Drones bounce back from collisions

By Victoria Gill
Science reporter, BBC News

  • Published
Media caption,

In a demonstration, the flexible wings tuck in and rebound when they are hit with a stick mid-air

Scientists have created a drone with flapping wings that can fold in and rebound following a mid-air collision.

By copying the wing anatomy of birds and bats, the researchers designed a mechanism to allow their flying robot to squeeze between obstacles and recover from impacts.

The wings are based on the ability of birds and bats to tuck their wings close into their bodies.

To achieve this, the Stanford University team built a light, flexible wing from carbon fibre and a thin membrane of plastic film.

Its bat-like design enables it to fold in and then recover, entirely passively - with no need for any other part of the robot to trigger the folding process.

The wings are attached to the drone's body with a 3D-printed wrist joint, which was also based on animal anatomy. It is hinged in such a way as to allow the rest of the wing to fold and unfold freely.

Dr David Lentink, the lead researcher on the project, said he was "surprised it worked so well'.

He added: "[We hit the robot wing] hard with a stick to see how well it could handle hard impact.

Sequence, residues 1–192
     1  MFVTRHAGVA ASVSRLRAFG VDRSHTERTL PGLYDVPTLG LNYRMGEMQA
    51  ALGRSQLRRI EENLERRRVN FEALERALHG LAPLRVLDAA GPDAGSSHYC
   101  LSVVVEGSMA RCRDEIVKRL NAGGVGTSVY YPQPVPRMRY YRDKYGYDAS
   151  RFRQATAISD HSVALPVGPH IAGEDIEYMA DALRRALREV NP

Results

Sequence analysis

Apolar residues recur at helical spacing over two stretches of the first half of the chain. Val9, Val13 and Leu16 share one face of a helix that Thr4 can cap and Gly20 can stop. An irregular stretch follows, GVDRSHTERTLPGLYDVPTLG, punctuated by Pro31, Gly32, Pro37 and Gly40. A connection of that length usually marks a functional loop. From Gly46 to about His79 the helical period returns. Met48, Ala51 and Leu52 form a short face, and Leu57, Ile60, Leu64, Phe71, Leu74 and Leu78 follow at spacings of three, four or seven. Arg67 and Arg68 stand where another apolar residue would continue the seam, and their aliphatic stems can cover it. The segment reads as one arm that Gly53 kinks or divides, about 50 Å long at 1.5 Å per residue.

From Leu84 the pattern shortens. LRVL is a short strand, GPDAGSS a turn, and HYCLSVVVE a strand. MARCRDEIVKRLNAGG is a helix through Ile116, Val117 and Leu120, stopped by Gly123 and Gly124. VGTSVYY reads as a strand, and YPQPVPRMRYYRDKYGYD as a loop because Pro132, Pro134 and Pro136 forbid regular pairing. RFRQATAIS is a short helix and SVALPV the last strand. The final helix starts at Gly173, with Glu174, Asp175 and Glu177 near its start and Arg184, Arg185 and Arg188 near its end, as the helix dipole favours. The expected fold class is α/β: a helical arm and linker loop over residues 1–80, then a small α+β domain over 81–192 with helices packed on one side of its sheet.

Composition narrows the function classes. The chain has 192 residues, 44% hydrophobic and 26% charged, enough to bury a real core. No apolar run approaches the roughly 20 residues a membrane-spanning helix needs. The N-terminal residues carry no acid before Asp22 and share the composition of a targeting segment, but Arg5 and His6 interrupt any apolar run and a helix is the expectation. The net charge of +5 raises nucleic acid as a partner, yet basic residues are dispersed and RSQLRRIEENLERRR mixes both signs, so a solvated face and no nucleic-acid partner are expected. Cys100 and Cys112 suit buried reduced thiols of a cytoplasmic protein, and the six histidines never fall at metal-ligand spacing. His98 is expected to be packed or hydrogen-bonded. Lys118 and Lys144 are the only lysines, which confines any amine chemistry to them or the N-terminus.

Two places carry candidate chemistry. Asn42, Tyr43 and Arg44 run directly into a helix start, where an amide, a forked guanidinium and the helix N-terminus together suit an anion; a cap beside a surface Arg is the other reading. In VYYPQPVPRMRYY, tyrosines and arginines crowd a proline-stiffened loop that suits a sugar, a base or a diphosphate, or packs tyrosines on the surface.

"[We] could basically use a rod like a baseball bat and hit the wing of the robot, and it would still recover just fine."

Dr Lentink explained to BBC News that the secret of this rapid, unfolding recovery was that "the wings are flapped at the root".

"This flapping induces centrifugal forces all over the wing," he explained, like the force that pulls you outward on a spinning playground roundabout.

"So as soon as the wing is folded along the designed origami-like fold line, it is forced outward by the centrifugal forces again and unfolds automatically."

Image source, Lentink Lab
Image caption,
The wings are based on flexible bird and bat wings that can tuck in to squeeze between obstacles

The researchers say their development will help make flapping winged drones much more robust.

There is a great deal of interest in military and search and rescue applications of small, flapping-wing drones that are able to hover and carry out quick, evasive manoeuvres.

Dr Lentink said that drones needed to become much more resilient "if we ever want to safely fly through a forest or land in a tree like a bird".